If you’re an independent publisher in want of a bestseller, you need 1) an extraordinary book that everyone else in your territory has overlooked or passed on, 2) a well-respected advocate, and 3) a willingness to have lunch at the Union Square Cafe twice a week for six months.

When Europa published The Elegance of the Hedgehog by Muriel Barbery in September 2008, we had #1 and #2. When we published My Brilliant Friend, the first of Elena Ferrante’s Neapolitan Novels, we had James Wood, who wrote a piece in the New Yorker (“Women on the Verge”) about Ferrante’s fiction. The lunch part emerged with the third title in Ferrante’s series, Those Who Leave and Those Who Stay. These conditions are particularly useful if you don’t have a publicist or an advertising budget.

Publishing an author such as Jane Gardam who is revered by critics and booksellers and has devoted fans is easy, because the books are of such quality and the author is so cooperative. Publishing an author you’ve never met and whose previous work has performed below expectations in the U.S. is a challenge.

The first of the Ferrante novels in the trilogy came out in the U.S. in September 2012 and attracted little attention. There were a couple of brief reviews that dribbled in between Labor Day and Christmas, but those who read them apparently weren’t swayed to buy the book.

Important encouragement came from the New Yorker editors Henry Finder, Leo Carey, and, as noted, James Wood—who requested, over the course of several months, copies of every novel Ferrante had written. On the assumption that my wishful thinking was correct, I sent them by messenger.

For Hedgehog, the advocates were Michael Dirda, Diane Rehm, and Time magazine. Dirda wrote an early review that was so thoughtful and persuasive it made me want to reread the novel. The Paris bureau of Time bought my suggestion for an article exploring the unhappy history of French bestsellers in the U.S. and the possibility that Hedgehog might be the exception. The article ran a month before publication—a full page. I got it to everyone in the publishing world who could sit up straight. Our sell-in with bookstores doubled.

Initially the Diane Rehm producers wanted to interview Barbery, but she was living in Japan and unavailable. Although disappointed, they decided to have a discussion among local Washington, D.C., worthies, including the talented Mr. Dirda.

I can remember my interns listening to the program while monitoring the Amazon sales ranking, astonished at how quickly and how high our book was climbing over the course of an hour. Within a week, the book was on the New York Times’ extended bestseller list, but barely. By Christmas, it was on the printed list, and our reprints couldn’t keep up with demand.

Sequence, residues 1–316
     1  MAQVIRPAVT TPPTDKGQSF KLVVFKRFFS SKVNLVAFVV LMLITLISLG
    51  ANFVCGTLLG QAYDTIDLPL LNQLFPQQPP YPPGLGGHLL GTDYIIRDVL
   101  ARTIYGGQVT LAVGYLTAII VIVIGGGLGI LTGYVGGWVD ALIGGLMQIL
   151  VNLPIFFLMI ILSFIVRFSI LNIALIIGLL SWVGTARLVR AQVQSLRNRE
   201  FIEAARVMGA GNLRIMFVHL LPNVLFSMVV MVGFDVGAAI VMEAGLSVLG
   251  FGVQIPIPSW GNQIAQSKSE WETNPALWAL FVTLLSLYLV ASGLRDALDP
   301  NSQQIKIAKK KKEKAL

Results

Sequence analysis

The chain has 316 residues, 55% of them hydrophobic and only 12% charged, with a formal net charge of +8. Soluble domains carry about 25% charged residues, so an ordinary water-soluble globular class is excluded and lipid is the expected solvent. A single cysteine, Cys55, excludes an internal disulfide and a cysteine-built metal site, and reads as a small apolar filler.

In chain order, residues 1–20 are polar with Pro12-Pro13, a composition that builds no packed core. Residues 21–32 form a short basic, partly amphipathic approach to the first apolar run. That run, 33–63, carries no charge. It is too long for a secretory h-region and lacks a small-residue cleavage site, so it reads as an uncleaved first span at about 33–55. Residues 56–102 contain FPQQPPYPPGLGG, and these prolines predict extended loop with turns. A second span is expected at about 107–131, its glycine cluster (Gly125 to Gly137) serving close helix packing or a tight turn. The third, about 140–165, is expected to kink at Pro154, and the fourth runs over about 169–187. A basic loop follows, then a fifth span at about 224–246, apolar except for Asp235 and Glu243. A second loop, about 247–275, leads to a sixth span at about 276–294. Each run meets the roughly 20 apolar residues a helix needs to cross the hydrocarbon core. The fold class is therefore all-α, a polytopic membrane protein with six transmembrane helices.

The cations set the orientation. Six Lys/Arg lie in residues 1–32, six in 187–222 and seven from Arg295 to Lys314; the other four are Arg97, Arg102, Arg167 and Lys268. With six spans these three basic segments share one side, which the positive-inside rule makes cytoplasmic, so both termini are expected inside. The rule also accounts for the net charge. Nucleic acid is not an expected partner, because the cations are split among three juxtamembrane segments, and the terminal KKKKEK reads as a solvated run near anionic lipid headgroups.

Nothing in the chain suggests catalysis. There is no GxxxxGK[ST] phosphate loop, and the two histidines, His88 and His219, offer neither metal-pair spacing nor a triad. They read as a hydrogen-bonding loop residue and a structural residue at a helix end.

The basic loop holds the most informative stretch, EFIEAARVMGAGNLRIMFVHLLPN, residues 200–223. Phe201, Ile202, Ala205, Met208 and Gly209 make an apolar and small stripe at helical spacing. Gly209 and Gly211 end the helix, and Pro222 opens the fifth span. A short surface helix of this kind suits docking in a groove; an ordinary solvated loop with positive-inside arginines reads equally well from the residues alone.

The Ferrante rise was slower, almost sedate. After the five-page review by Wood in the New Yorker in January 2013, My Brilliant Friend began a sales ascent with a modest trajectory. And, just as important, Ferrante’s backlist was revivified: Wood included the entire trilogy in his comprehensive review, as well as especially thoughtful praise for Ferrante’s The Days of Abandonment. He was convincing. Wood is to reviewing books as Claude Monet is to haystacks.

With Ferrante’s second novel in the series, The Story of a New Name, which appeared in September 2013, the reviews were favorable and prompt, respectful rather than enthusiastic. At first I was dispirited—until I read the manuscript for the third entry in the series, Those Who Leave and Those Who Stay, which was published in September of this year.

Something was percolating. The principal characters were now adult women, the same age as the natural readers for the novels. Even before I began to meet with book review editors last spring, they were contacting me with requests to interview the author. Having galleys six months in advance of publication was critical, and the unsolicited interest from major newspapers and magazines was, in itself, a publicity campaign—albeit one without an author willing to tour or a budget to spend.

And then there were the frequent requests for information about Ferrante and for advance copies of the third novel in the series from women who buy literary fiction and belong to book groups. They were, and are, Ferrante’s prime audience: the people who could, and did, become a word-of-mouth critical mass—the engine that, moving in tandem with the Times, the New Yorker, Vogue, Harper’s, O, and Entertainment Weekly, could put the novel on readers’ radars, and move it up in the lists (Those Who Leave is now #16 in the New York Times and #9 in the L.A. Times), as well as boosting sales of the author’s backlist titles. The third time, I thought, could be magic. And it was.

Kent Carroll is the publisher of Europa Editions.